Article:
While Bracken did not directly accuse England's fast bowlers of tampering with the ball to achieve their first Ashes victory in 16 years, he did say the practice was commonplace in England.
Bracken, a fringe Test player who played no part in the Ashes, said English bowlers managed to get reverse swing by sucking a particular brand of mint available in Britain then polishing one side of the ball with their saliva.
Bracken said he first encountered the magic mint during a stint playing county cricket at Gloucester in 2003.
"It is just a breath mint you put in your mouth but it makes your saliva very sugary and that is being talked about being used over there," Bracken told commercial radio in Sydney.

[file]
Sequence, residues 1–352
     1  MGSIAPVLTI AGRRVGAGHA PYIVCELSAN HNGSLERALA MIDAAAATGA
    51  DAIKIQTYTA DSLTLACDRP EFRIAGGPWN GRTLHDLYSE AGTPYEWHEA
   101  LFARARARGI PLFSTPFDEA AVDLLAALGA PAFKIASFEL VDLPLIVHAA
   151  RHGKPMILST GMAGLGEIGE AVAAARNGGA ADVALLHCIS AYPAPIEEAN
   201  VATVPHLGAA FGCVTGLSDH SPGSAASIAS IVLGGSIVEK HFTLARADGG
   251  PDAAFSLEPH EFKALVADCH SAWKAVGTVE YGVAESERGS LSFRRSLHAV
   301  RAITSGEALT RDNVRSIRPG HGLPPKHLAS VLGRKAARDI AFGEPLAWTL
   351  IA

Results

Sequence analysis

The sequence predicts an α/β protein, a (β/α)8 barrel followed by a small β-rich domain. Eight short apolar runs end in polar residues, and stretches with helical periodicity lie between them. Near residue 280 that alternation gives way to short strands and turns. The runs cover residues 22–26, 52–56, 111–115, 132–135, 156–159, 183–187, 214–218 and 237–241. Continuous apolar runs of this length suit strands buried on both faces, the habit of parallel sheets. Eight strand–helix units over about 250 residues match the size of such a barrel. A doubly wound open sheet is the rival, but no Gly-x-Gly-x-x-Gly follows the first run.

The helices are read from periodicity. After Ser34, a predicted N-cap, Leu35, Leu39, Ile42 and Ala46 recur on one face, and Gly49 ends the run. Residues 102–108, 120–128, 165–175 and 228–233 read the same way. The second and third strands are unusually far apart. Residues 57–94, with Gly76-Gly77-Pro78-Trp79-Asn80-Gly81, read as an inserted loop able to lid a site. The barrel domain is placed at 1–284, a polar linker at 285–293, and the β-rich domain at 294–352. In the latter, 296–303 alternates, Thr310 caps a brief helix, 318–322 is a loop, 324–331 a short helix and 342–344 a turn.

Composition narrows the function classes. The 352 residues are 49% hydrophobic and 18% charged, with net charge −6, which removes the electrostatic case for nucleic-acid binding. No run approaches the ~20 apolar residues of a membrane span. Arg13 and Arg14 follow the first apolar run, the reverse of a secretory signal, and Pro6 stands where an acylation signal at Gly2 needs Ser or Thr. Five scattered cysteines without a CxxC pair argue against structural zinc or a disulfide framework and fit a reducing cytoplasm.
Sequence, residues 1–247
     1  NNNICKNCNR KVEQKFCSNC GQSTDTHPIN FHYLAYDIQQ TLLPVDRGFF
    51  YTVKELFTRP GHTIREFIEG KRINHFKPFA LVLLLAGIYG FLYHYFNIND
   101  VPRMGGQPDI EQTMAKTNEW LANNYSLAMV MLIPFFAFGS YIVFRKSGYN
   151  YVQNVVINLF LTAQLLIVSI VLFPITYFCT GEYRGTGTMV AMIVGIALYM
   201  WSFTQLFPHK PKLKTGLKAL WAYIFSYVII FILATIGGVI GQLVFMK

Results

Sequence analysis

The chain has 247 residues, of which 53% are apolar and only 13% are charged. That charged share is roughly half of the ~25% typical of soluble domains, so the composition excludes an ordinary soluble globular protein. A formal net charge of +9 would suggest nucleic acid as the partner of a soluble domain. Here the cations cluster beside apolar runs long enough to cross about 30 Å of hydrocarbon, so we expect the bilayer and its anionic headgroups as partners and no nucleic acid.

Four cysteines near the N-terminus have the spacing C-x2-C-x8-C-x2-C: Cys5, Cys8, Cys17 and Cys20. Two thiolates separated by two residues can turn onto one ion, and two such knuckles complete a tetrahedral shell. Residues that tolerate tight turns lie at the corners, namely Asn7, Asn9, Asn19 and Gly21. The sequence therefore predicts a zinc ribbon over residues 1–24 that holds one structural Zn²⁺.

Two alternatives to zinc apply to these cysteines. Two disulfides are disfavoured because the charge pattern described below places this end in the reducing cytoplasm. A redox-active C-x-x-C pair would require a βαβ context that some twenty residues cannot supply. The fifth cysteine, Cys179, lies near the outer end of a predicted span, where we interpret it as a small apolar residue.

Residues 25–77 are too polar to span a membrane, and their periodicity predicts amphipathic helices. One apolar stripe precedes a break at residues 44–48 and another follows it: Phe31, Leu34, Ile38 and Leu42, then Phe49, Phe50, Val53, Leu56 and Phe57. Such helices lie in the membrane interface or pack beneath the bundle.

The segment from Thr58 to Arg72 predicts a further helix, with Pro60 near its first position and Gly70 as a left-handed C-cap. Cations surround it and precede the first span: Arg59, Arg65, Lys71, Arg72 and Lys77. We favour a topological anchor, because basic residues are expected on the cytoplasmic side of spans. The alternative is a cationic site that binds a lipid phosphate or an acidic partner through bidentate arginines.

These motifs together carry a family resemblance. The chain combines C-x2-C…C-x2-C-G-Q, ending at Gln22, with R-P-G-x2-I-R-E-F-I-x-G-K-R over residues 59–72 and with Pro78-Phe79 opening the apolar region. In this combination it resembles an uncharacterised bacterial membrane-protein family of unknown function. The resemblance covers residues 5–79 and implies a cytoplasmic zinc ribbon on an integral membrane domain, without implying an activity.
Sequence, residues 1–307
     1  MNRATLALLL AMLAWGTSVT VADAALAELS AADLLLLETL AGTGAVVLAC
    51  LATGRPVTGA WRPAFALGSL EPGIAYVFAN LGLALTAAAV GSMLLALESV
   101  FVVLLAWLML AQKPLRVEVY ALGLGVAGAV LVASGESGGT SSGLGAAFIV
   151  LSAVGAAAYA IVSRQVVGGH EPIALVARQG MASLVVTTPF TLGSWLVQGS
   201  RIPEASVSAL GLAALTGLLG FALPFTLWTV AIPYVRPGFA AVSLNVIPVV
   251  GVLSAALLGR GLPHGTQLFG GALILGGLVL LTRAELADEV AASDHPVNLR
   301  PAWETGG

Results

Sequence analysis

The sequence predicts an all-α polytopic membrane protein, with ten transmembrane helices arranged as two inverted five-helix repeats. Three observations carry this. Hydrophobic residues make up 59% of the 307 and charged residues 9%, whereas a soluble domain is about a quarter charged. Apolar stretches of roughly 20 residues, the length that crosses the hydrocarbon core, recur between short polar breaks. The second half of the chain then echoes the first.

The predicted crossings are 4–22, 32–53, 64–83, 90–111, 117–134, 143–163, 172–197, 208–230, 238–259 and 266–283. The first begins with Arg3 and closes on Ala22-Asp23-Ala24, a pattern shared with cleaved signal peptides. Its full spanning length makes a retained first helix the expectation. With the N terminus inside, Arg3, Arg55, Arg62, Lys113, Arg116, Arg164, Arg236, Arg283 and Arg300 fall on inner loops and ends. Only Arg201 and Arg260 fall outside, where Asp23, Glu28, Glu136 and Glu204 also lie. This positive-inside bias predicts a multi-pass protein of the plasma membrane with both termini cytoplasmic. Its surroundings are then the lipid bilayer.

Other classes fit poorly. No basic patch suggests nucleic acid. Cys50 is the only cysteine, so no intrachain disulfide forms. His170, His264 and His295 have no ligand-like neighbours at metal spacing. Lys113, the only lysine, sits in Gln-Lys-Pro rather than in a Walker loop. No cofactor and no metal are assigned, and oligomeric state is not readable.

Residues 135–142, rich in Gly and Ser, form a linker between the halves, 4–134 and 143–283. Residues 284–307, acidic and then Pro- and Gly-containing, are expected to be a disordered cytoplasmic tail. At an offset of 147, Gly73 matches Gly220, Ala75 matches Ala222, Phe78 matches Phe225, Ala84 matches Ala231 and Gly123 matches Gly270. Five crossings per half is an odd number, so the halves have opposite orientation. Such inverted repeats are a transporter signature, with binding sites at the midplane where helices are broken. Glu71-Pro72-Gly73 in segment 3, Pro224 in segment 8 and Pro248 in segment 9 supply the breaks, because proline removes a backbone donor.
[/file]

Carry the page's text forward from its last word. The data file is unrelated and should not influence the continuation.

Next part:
"Every team has lollies (sweets) and things like that, we had all our lollies checked before the first game to make sure there was nothing illegal that we had.
"When I was playing at Gloucester a couple of years ago as soon as we needed the ball to go 'Irish' the captain would call and they would bring out some of these mints and it would work."
English bowlers Andrew Flintoff took 24 wickets at an average of 27 and Simon Jones took 18 wickets at 21 during the five Test Ashes series.